They didn’t need my ideas. They had come up with a name-learning game, appropriate song, and activity around fire pit safety and how to start a fire, complete with hands-on gathering of ‘dead and down’ tinder, kindling, and fuel. The younger Girl Scouts had a great time at our station. They asked good questions. They joined in on the song. And they set up mock camp fires, using the “log cabin” structure – wait no, my troop taught them it was the “hashtag.” (Aaaand now I feel old.)

Five rotations later (with a lunch break in the middle) my troop had educated more than 100 other girls on these concepts. Mostly, I had stood back and watched. I occasionally pointed out the time to help them stay on schedule. I didn’t need to design the craft for them. I didn’t need to tell them how to simplify certain concepts or to make it fun. I didn’t have to tell them to split up the leading time and make sure they included our bonus Cadette. They just did it.

That was my answer. I needed to say less, suggest less, and listen more. It took a panicked-filled hour-long drive from home to camp to come to terms with it, but there it was. Girl Scouting was working exactly as designed, and my troop was living proof.

That evening, when my daughter set up and lit the campfire for the entire service unit, nearly single-handedly*, the younger girls called out encouragement and concern (she had to sit inside the extra-large stone ring to set up and start the fire). Here, I realized, was the whole Girl Scouting mission in one day: older Girl Scouts drawing upon their knowledge and skills to teach the younger girls, and then showing them that they, not the adults had the ability to do things for themselves. It didn’t hurt that it all ended with roasting marshmallows for s’mores!

* This is a whole other story!

This story was submitted using the Share Your Stories form. You can share your Girl Scout moments, too.

Pinecrest tabin site now open

We are pleased to announce that the Pinecrest tabin site is now available to reserve through our property reservation system! We have recently completed construction on the new Pinecrest Memorial Shelter, and groups are now able to reserve the full Pinecrest site and use our beautiful new shelter for all their meals and activities. Reserve the site now at https://girlscoutsofcolorado.checkfront.com/reserve/.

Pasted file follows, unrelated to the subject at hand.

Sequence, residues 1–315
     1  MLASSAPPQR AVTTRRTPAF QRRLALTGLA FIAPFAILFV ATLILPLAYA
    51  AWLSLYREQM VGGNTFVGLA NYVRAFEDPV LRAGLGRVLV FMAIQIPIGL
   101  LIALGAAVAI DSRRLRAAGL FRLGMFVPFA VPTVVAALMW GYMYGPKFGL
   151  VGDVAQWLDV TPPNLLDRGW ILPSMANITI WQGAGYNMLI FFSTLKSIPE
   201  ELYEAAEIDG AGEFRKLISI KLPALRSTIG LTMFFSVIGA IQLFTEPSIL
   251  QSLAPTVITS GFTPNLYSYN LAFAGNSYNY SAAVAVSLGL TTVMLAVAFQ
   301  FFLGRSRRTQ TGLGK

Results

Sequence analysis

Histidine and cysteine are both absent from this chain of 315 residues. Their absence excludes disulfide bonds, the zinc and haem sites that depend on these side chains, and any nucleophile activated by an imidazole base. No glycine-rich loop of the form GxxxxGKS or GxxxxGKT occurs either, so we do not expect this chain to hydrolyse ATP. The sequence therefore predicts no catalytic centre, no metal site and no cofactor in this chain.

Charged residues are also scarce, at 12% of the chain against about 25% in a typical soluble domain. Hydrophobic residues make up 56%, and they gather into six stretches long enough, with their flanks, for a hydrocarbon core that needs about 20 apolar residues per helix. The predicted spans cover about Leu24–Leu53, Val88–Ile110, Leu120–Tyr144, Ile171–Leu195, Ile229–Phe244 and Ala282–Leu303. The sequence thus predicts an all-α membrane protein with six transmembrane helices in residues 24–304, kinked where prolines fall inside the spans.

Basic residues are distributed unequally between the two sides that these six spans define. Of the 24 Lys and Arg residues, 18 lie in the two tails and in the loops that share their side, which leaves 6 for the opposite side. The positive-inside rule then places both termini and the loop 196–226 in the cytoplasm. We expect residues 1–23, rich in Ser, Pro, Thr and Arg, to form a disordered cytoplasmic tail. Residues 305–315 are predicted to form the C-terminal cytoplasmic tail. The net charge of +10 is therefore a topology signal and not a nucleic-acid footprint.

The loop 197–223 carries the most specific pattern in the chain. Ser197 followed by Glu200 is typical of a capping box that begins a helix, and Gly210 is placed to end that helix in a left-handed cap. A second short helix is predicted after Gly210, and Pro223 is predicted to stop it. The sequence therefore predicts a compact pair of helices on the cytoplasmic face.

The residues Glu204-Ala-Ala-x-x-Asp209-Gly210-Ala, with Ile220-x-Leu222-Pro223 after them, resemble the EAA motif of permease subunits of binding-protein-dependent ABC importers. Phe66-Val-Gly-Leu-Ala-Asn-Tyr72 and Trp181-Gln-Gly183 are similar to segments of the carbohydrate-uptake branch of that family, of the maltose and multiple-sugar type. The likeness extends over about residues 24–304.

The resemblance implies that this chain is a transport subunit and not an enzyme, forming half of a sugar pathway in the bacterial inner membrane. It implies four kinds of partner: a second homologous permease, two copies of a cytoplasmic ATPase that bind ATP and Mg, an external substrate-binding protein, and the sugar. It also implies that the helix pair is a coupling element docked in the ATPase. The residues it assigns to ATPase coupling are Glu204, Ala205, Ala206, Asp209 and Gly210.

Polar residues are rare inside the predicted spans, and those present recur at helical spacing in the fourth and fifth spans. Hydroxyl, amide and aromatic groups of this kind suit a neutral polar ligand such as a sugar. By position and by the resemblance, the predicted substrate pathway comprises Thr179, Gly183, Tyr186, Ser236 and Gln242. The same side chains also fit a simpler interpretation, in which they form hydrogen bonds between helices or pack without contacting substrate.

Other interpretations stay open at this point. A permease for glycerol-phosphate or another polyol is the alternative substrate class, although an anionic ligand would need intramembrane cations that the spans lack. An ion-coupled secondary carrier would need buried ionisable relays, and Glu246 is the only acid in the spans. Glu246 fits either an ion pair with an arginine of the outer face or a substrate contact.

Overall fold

The Pinecrest unit is comprised of seven tabins, which sleep a total of 52 people (five tabins sleep eight people, and two tabins sleep six people). There is a fire pit with log seating, a latrine, a hand-washing station, spigot for water, and a grill available to use at the site, and the shelter has multiple picnic tables available for your use.

The cost to reserve Pinecrest is $80 per night, and troops get full use of all tabins and amenities at the site when reserving. Troops are welcome to reserve just the Pinecrest site or may add multiple tabin sites to their reservation. Please note that with the addition of the new site, Meadow Mountain Ranch now costs $515 a night to reserve the full property.

For questions, please email property.reservations@gscolorado.org.

Juniors: Earn your “aMuse” Journey at Tomahawk Ranch

Submitted by Maria Cross

Northern & Northeastern CO

Lyons

Girl Scout Juniors are invited to join the Seniors of Troop 78527 for a fun night of camping at Tomahawk Ranch and a fun filled day as you earn your “aMuse” Journey. Through the “aMuse” Journey, girls will explore the different roles women and girls hold in the world and develop a Take Action project.